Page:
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Genetics. 2006 Jun;173(2):569-78. Epub 2006 Apr 19.

A defect in protein farnesylation suppresses a loss of Schizosaccharomyces pombe tsc2+, a homolog of the human gene predisposing to tuberous sclerosis complex.

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  • 1Radiation Biology Center, Kyoto University, Japan.

Erratum in

  • Genetics. 2006 Aug;173(4):2419.

Abstract

Mutations in the human Tsc1 and Tsc2 genes predispose to tuberous sclerosis complex (TSC), a disorder characterized by the wide spread of benign tumors. Tsc1 and Tsc2 proteins form a complex and serve as a GTPase-activating protein (GAP) for Rheb, a GTPase regulating a downstream kinase, mTOR. The genome of Schizosaccharomyces pombe contains tsc1(+) and tsc2(+), homologs of human Tsc1 and Tsc2, respectively. In this study we analyzed the gene expression profile on a genomewide scale and found that deletion of either tsc1(+) or tsc2(+) affects gene induction upon nitrogen starvation. Three hours after nitrogen depletion genes encoding permeases and genes required for meiosis are less induced. Under the same condition, retrotransposons, G1-cyclin (pas1(+)), and inv1(+) are more induced. We also demonstrate that a mutation (cpp1-1) in a gene encoding a beta-subunit of a farnesyltransferase can suppress most of the phenotypes associated with deletion of tsc1(+) or tsc2(+). When a mutant of rhb1(+) (homolog of human Rheb), which bypasses the requirement of protein farnesylation, was expressed, the cpp1-1 mutation could no longer suppress, indicating that deficient farnesylation of Rhb1 contributes to the suppression. On the basis of these results, we discuss TSC pathology and possible improvement in chemotherapy for TSC.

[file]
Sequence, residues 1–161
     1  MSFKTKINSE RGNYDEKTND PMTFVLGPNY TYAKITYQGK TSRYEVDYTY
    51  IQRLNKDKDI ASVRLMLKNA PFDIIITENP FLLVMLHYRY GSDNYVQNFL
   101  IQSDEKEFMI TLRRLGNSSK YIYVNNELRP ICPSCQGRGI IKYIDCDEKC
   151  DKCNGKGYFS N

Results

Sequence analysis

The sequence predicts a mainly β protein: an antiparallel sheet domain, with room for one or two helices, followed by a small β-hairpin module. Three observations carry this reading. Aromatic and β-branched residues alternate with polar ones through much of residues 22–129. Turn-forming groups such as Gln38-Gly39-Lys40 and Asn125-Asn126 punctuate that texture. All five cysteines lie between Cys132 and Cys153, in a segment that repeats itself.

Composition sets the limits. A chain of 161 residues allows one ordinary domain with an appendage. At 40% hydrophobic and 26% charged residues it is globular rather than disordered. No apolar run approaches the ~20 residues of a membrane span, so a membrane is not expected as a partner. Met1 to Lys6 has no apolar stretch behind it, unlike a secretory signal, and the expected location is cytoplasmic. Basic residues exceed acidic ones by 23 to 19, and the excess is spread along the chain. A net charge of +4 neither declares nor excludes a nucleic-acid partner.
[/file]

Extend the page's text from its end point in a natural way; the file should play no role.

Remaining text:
PMID:
16624901
[PubMed - indexed for MEDLINE]
PMCID:
PMC1526497
Free PMC Article

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